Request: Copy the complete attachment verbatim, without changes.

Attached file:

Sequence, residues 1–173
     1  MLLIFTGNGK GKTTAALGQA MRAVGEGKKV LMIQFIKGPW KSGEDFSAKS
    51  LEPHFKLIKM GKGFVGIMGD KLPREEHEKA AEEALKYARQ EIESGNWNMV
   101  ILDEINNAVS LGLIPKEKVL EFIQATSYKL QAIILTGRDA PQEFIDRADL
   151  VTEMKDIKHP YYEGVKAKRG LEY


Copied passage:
Sequence, residues 1–173
     1  MLLIFTGNGK GKTTAALGQA MRAVGEGKKV LMIQFIKGPW KSGEDFSAKS
    51  LEPHFKLIKM GKGFVGIMGD KLPREEHEKA AEEALKYARQ EIESGNWNMV
   101  ILDEINNAVS LGLIPKEKVL EFIQATSYKL QAIILTGRDA PQEFIDRADL
   151  VTEMKDIKHP YYEGVKAKRG LEY